LONDON, April 3, 1913 (UP) -- Mrs. Emmeline Pankhurst, militant suffragette leader, this afternoon was found guilty of "inciting to the malicious destruction of property" by a jury at Old Bailey. She was sentenced to three years penal servitude.
The maximum penalty for the crime of which she was convicted was 14 years imprisonment.
The jury deliberated only a few minutes, and returned their verdict at 2:12 p.m.
The jurors unanimously asked the magistrates to show mercy to the convicted woman.
When Justice Lush pronounced her sentence he was greeted with hisses and boohs by the women in the courtroom, despite the efforts of the policemen to keep them quiet.
"Shame!" cried some of the militants.
In consequence of the wild demonstration by the Pankhurst sympathizers, Justice Lush proclaimed loudly he would jail for contempt anyone making a noise. He also ordered all women barred from the courtroom during the remainder of the proceedings except those holding special admission cards.
Suffragette outbreaks throughout London and in other cities were expected by the police as the sentence became known.
The first disorder occurred at Plymouth, where the woman cut many telegraph and telephone wires and gave the authorities to understand their action was in protest against Mrs. Pankhurst's sentence.
Many women paraded the streets denouncing the police and singing "March On," the Marsellaise-like battle song of the women's social and political union.
Mrs. Pankhurst's case went to a jury of men after Justice Lush had told the 12 that her impassioned plea-all the defense she submitted-was "irrelevant." When Chief Inspector O'Brien of Scotland Yard told his story of the arrest of Mrs. Pankhurst in her Knightbridge flat, King's Counsel Bodkin announced the crown had finished.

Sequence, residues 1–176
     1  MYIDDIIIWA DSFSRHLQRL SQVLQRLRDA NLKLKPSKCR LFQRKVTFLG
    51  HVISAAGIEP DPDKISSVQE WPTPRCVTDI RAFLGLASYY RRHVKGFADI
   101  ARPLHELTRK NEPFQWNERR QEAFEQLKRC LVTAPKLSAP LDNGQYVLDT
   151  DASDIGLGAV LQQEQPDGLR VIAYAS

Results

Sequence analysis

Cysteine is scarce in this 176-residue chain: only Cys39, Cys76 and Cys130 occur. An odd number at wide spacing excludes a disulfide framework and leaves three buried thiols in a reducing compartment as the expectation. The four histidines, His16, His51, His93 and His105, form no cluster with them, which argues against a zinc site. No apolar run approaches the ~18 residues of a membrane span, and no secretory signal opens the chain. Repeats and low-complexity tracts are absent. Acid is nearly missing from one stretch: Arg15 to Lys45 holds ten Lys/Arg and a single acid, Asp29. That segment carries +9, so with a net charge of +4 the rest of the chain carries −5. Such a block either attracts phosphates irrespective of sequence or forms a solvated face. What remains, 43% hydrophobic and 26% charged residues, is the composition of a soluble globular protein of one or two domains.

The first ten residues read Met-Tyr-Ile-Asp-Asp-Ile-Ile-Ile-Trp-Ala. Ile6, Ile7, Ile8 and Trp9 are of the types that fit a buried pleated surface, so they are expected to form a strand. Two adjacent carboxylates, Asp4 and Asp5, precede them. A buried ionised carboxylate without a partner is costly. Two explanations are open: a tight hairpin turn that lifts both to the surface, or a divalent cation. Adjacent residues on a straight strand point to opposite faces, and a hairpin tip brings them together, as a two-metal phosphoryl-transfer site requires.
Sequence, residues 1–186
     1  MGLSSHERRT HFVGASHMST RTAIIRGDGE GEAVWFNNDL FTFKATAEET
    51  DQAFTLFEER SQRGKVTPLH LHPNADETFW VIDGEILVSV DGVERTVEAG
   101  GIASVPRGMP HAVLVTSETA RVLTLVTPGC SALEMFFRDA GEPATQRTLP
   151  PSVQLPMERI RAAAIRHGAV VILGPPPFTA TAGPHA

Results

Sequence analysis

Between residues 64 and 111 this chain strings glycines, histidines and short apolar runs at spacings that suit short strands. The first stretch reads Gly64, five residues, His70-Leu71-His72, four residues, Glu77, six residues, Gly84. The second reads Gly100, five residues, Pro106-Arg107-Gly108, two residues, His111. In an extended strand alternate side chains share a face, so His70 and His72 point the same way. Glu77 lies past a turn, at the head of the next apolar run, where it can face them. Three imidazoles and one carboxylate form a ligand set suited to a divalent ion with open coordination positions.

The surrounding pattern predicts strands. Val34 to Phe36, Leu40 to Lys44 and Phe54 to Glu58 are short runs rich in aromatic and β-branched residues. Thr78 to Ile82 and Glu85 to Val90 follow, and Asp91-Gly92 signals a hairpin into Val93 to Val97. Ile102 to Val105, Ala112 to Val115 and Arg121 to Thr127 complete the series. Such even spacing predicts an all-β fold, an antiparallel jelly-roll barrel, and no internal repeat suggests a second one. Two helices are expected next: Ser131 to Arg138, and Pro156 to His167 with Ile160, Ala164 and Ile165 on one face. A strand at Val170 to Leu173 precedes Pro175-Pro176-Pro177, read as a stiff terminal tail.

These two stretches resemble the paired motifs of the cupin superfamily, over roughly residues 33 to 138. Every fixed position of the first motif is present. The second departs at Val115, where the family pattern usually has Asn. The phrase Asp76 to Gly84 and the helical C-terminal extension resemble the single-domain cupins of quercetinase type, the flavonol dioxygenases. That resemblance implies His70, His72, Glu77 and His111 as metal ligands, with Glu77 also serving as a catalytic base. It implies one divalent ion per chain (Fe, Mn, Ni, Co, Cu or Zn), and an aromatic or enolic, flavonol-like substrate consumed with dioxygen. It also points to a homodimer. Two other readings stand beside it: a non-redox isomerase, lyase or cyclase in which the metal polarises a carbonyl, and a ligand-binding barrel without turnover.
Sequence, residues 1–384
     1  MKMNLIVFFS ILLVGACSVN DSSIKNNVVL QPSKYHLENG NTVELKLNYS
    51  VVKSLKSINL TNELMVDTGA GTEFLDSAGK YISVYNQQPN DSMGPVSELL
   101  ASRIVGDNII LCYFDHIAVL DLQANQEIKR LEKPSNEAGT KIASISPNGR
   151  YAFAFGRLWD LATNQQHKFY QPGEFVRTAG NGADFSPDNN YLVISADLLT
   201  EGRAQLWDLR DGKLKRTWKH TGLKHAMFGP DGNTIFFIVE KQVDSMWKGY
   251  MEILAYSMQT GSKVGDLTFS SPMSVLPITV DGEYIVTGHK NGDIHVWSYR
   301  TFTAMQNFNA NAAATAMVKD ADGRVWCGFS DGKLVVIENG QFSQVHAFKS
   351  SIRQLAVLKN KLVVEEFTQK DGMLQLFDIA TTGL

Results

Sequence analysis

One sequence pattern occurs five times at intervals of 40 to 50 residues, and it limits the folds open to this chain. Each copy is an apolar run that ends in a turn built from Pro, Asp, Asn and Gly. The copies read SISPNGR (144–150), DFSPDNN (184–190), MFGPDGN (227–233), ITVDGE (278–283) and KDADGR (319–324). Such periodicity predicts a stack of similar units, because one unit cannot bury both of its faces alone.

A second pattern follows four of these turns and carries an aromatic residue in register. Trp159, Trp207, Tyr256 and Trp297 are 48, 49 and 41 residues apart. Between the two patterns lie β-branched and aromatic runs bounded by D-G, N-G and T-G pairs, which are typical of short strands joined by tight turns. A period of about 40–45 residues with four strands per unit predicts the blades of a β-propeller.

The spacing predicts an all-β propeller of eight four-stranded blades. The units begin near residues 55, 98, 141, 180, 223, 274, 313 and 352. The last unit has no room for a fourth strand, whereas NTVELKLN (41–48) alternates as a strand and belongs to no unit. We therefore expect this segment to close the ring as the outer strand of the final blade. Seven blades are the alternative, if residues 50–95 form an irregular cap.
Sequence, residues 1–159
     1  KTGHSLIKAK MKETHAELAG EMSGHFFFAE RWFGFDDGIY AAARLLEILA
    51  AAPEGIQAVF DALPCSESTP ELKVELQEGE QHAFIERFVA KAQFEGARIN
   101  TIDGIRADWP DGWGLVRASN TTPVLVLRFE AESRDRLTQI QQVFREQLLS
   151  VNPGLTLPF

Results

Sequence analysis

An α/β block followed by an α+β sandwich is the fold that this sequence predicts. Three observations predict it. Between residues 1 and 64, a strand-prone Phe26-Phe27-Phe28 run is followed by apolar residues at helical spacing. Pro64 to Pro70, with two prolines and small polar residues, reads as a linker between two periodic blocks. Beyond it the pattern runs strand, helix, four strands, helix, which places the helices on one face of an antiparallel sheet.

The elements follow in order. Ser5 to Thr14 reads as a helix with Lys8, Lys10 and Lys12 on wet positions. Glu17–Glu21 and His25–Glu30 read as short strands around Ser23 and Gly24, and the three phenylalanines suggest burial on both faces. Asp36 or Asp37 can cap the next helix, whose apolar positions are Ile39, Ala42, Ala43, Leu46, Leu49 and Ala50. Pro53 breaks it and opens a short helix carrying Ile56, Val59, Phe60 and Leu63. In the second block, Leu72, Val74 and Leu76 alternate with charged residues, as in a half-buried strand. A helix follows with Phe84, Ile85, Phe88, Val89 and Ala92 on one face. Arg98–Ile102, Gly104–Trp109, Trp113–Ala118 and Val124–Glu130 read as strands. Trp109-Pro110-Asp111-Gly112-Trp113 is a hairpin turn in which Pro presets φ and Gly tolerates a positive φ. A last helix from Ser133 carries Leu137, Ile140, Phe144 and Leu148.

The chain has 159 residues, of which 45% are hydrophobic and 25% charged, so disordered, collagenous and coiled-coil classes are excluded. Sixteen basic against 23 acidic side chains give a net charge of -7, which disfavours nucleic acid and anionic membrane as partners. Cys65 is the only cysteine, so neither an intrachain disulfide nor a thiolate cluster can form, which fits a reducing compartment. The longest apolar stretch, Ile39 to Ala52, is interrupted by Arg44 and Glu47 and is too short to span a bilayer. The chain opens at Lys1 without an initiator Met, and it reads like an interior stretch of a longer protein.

Facing the jurors without emotion, but with earnestness in every word, Mrs. Pankhurst told them she would call no witnesses, and then proceeded to tell the men why it was that she pleaded not guilty and asked acquittal.
"No woman in England is ever tried by a jury of her peers, as is her right," she said. "Trials such as this today are examples of what they are suffering to obtain the rights.
"I pleaded not guilty because I am not wicked or malicious, though I accept full responsibility for the Lloyd George Explosion." Mrs. Pankhurst then proceeded to catalog all the "manmade" laws of England that she said were unjust to women. They included almost every law of importance in the English code.
"The divorce law alone," she said, "is sufficient to justify a revolution by the women."
Mrs. Pankhurst concluded her address to the jury by defying the country's laws, saying that she would not submit to them no matter what happened.
"Whatever sentence may be imposed upon me, I'll not submit to it," she shouted. "If I am convicted, after I leave this courtroom I shall start a hunger strike, and come out of prison dead or alive at the earliest possible moment.
"In behalf of the welfare of this country, I ask the jury to find me not guilty."